Tánaiste Leo Varadkar has said he fears Covid-19 vaccine “apathy” in Ireland more than vaccine hesitancy.
Concern has been expressed in some European countries that public confidence in the AstraZeneca vaccine waned as several governments paused or limited its use following reports of rare blood clots.
Irish health officials are now expected to shortly decide if the Johnson & Johnson vaccine will be rolled out in the Republic, after the European Medicines Agency (EMA) said on Tuesday it had found a possible link between the vaccine and rare blood clotting issues in a small number of adults in the United States.
Asked about vaccine hesitancy on the Dermot & Dave show on Today FM, Mr Varadkar said it was “a bit of a worry”.
They may change their minds if the ability to travel and attend mass events is linked to it
“We expect there may be 10 to 15 per cent of people who will refuse the vaccine and just don’t want it, although, they may change their minds if the ability to travel and attend mass events is linked to it,” he said.
“One thing I’m a little more worried about than hesitancy is vaccine apathy.
“They found in some countries, like Israel was one, is that there’s a lot of people who aren’t afraid of getting the vaccine – they just don’t really get around to it.
“And when the numbers go down low and people start going back to their normal lives and there aren’t many deaths, it kind of falls down the priority and people say, oh I’ll get a vaccine but I’ll get it later.”
Mr Varadkar said herd immunity was the main goal: “What we really need for this to work fully is to get about 80 per cent of people vaccinated, that’s where you start to hit herd immunity, where the virus just doesn’t have anywhere to go.”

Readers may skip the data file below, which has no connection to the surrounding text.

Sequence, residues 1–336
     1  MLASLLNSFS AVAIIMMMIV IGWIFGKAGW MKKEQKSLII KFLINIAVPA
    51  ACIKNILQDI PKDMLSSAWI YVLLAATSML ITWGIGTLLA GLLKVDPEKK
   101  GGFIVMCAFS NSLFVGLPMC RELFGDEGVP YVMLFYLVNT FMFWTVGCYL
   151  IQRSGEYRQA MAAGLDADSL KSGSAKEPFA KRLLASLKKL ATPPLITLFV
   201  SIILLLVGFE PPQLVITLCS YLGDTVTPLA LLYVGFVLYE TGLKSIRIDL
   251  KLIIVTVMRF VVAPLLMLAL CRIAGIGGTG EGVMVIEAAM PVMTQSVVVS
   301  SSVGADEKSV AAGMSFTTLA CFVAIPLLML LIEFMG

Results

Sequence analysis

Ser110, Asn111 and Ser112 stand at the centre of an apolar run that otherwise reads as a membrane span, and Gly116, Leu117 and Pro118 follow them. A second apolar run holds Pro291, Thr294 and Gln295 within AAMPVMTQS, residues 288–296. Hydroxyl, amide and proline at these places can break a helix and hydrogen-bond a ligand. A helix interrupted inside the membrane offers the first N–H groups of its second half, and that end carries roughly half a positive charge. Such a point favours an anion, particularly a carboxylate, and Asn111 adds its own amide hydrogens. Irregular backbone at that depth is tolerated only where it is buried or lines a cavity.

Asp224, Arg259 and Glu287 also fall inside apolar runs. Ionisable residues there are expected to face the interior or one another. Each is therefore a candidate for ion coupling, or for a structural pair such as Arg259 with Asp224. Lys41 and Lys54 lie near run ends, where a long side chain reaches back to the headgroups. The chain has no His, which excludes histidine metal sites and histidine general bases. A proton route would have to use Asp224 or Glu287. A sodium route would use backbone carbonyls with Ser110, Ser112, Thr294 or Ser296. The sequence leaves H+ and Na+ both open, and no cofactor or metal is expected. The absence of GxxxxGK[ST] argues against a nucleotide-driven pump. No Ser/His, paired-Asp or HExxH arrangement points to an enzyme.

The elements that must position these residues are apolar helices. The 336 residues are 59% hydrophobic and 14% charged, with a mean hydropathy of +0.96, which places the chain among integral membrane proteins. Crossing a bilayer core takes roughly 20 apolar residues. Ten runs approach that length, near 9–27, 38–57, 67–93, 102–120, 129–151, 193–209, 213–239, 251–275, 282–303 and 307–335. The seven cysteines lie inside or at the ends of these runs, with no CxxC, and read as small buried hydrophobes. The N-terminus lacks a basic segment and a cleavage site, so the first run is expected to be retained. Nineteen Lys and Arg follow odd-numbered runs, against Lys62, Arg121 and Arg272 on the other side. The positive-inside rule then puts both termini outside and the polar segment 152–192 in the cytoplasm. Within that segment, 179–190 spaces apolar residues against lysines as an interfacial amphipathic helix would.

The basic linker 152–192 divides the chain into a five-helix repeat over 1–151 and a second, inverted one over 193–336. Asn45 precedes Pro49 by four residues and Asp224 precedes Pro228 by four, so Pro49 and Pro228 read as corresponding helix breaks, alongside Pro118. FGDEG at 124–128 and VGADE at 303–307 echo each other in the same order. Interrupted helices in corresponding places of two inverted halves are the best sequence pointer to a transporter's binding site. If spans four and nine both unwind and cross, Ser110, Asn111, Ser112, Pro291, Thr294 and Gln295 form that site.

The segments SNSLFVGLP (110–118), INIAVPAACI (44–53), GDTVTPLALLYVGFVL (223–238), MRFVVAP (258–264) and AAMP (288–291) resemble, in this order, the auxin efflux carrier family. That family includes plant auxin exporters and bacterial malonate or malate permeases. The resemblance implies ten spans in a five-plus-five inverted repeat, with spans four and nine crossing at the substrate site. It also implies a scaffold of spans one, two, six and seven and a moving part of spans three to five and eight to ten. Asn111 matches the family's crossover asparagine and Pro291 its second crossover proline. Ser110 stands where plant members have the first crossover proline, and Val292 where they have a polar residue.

Johnson & Johnson approval
Meanwhile, a senior medic told RTÉ radio’s Morning Ireland it was likely that the National Immunisation Advisory Committee (Niac) would approve the use of the Johnson & Johnson vaccine with the provision of an age limit.
Consultant Haematologist Dr Denis O’Keefe said Niac had to weigh up the “very small risk” from the vaccine versus the risk of Covid-19.
Dr O’Keeffe pointed out that of the eight cases of clotting identified in the US, where seven million doses had been given, there had been only one death. Clotting incidents were treatable, he said, and now there was heightened awareness.
“It makes a great deal of sense to use Johnson & Johnson because it’s a one shot dose,” he said.
Earlier on Newstalk Breakfast, Dr Mary Favier of the Irish College of General Practitioners (ICGP) said all vaccines were very effective and it was important to add the Johnson & Johnson one to the Republic's rollout.
Medics now had a better idea of the side effects so they could look out for them, she added.
Safety first was important, she said, and Niac would advise accordingly.
Dr Favier also called for doses for GPs to be ringfenced so that they could complete vaccinations for the over-70s and those at risk in the over-60 category.